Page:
"I'm just torn because dd is lying in bed looking so unwell and keeps asking."
Sorry OP, but the 'keeps asking' when her dad has told her no - she is trying to divide and conquer! Are you a soft touch? Is this a regular tactic of hers? I agree with your DH and most of the posters here - lying leads to sanctions, not treats. Woman up!

MerryMarigold Tue 28-Jan-14 12:19:56

You need to come down hard on lying. I would tell her she is not getting them till next weekend because of the lying.

curlew Tue 28-Jan-14 12:37:58

I agree on the united front thing. She shouldn't get the stuff til whenever it was her father said she could have it.

But I'd want to know more about the lying. Why did she lie about her homework? Is she being over managed? When was she planning on doing it? Does she get a choice about when she does it?

Hedgehog80 Tue 28-Jan-14 12:41:40

Yes dd does have health problems, which is why we try to encourage her to do all her homework at weekends so that during the week she can rest as much as possible so that she goes in to school everyday.

Usually dh and I say the same thing but this time dh had put his foot down and I think that's why dd keeps asking me. She's asked again and when I said no she got decidedly grumpy.

Hedgehog80 Tue 28-Jan-14 12:44:39

The homework has been a huge issue. After school each day she usually sleeps or lies down for up to an hour as soon as she gets in. We tried at first to get her to do some in the evenings but she was too tired and dinner time/bath etc took up more time then she just wanted to go to bed.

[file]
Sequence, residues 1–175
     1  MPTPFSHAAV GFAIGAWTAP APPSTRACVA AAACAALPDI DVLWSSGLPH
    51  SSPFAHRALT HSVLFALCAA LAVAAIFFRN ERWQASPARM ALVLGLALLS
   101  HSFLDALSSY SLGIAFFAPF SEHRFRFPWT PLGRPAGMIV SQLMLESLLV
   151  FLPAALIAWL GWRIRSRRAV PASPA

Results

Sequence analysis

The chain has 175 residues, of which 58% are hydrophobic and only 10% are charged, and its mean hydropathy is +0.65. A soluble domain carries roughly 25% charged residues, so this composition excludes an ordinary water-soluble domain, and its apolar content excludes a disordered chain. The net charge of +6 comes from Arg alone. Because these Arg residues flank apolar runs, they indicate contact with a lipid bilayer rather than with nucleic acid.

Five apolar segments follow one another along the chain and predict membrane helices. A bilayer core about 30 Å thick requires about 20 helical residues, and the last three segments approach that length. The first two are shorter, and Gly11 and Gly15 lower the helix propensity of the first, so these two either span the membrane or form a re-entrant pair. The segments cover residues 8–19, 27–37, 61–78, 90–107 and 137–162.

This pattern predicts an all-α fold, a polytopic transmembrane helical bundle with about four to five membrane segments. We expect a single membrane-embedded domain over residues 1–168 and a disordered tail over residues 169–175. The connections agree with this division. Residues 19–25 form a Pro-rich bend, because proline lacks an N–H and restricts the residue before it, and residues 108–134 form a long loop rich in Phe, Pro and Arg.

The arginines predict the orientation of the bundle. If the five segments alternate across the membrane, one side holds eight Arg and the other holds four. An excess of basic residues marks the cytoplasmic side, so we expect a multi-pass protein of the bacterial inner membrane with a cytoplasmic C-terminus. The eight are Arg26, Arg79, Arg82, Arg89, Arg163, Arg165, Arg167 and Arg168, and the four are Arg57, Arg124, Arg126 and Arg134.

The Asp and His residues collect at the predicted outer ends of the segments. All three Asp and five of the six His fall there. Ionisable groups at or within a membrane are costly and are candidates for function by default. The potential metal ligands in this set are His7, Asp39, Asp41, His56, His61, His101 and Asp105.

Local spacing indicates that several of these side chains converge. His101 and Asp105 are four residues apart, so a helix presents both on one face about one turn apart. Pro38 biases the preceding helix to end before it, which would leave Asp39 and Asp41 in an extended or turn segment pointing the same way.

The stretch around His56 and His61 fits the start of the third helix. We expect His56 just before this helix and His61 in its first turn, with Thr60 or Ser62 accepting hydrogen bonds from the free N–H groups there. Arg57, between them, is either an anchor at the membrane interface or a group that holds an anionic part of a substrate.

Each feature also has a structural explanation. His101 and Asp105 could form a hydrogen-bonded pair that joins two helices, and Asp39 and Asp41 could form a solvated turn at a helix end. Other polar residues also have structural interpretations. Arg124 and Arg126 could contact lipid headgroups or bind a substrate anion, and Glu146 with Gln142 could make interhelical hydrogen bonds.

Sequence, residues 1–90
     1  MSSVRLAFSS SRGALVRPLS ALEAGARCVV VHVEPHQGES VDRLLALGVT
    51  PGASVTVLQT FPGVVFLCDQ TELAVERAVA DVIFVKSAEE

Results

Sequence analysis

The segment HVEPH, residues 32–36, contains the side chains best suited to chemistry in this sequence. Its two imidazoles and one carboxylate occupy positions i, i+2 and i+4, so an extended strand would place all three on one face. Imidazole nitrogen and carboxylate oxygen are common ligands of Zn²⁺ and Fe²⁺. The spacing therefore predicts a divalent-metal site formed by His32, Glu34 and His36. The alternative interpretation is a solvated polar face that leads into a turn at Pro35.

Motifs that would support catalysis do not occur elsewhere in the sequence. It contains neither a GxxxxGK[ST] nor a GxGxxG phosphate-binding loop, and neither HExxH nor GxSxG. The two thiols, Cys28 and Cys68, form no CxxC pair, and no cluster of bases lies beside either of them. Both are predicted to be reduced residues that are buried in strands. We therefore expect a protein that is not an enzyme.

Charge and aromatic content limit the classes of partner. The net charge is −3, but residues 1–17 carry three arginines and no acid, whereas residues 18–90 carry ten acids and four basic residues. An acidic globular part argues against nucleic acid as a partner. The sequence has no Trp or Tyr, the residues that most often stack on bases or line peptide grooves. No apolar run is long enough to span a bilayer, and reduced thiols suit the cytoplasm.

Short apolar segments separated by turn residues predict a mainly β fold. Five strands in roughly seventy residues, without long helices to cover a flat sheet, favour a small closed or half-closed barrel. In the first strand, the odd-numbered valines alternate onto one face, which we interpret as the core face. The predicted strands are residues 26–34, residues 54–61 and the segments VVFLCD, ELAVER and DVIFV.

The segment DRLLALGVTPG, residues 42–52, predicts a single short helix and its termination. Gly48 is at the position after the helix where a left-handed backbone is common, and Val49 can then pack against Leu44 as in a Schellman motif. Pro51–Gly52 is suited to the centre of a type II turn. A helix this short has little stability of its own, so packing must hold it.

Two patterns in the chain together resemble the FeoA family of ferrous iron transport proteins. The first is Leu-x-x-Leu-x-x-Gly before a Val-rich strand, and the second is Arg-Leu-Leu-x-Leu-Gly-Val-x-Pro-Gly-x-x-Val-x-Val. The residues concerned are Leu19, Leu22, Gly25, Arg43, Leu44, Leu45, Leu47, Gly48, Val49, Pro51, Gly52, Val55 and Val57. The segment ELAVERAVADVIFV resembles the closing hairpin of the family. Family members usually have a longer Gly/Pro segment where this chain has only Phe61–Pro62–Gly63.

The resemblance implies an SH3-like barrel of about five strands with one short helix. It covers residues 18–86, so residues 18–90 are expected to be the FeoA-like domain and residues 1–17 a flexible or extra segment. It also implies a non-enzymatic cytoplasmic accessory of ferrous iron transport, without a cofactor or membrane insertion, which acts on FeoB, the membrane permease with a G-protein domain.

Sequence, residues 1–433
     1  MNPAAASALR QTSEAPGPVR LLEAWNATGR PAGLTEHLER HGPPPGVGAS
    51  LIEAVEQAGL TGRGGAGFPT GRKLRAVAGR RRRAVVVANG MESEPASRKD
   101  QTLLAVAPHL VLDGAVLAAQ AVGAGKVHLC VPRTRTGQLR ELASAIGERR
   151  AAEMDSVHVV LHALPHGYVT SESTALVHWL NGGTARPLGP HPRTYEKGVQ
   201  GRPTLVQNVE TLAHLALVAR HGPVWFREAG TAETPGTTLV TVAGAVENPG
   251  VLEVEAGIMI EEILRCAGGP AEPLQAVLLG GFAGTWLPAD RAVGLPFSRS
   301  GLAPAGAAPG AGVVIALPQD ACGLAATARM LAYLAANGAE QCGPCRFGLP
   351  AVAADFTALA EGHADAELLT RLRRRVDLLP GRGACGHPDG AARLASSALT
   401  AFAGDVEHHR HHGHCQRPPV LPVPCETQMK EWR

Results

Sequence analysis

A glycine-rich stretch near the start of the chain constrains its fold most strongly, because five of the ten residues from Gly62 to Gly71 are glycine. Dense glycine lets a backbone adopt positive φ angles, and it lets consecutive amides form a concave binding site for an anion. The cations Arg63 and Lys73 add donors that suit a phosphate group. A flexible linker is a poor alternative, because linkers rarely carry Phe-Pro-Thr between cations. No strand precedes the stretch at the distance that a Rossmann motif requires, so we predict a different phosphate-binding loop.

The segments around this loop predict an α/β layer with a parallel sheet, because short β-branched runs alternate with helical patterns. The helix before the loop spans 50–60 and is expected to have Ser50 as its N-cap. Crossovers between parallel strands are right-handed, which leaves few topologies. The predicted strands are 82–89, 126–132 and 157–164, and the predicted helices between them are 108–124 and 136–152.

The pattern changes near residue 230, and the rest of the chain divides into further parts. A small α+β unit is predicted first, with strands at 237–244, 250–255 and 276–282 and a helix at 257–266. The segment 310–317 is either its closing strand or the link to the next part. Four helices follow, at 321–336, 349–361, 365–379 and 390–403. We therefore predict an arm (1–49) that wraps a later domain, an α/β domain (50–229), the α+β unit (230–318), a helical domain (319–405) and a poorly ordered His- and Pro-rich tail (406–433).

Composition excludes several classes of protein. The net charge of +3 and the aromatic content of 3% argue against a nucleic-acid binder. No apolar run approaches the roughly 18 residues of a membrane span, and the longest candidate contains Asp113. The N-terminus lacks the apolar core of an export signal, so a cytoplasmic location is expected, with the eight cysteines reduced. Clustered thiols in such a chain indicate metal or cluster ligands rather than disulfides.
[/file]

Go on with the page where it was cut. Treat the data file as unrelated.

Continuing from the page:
Can't do it in mornings as it takes up to an hour to get her up.

Sometimes she does homework during pe lessons (she often can't take part) or at lunchtime at school and the rest we try to get her to do at weekends. That would be fine if she was actually writing it all down or not losing her diary every couple of days.

xxMrsCxx Tue 28-Jan-14 12:47:15

I'm with your husband on this one ..... And I think you should respect his decision. I think it's wrong that kids don't accept something without trying to get the other parent to give in to them ..... Be strong, don't give her the bits and hopefully your husband will decide she can have them later once he is home grin

DustyBaubles Tue 28-Jan-14 12:50:09

With all of the other issues you and your husband have going on at the moment, allowing your daughter to play you off against each other would just increase the household tension unnecessarily.

Your husband is absolutely right in this case, and allowing your daughter to manipulate you into going against a perfectly reasonable decision will not be doing her, or the rest of you any favours.

MiniSoksMakeHardWork Tue 28-Jan-14 12:52:02

Definitely don't go against your dh. It doesn't help that your dd already has health concerns from how I've read some of your posts. But I used to play in certain conditions to get out of going to school for various reasons, inc not having done homework. It's not that hard to fake a raised temperature for the time it takes to check temperature. Then when medicine is administered it's seen as working rather than the effects of faking wearing off.

She's not being told she can't have it at all, just that she has to wait a bit longer.

Maybe sitting down with dd and dh, explaining why she was given the punishment and working out a new way to ensure her homework is done and on time is a good idea. Saving it all up to the weekend regardless of her needing a rest when she gets home is not a great idea as it means she is effectively doing school all week.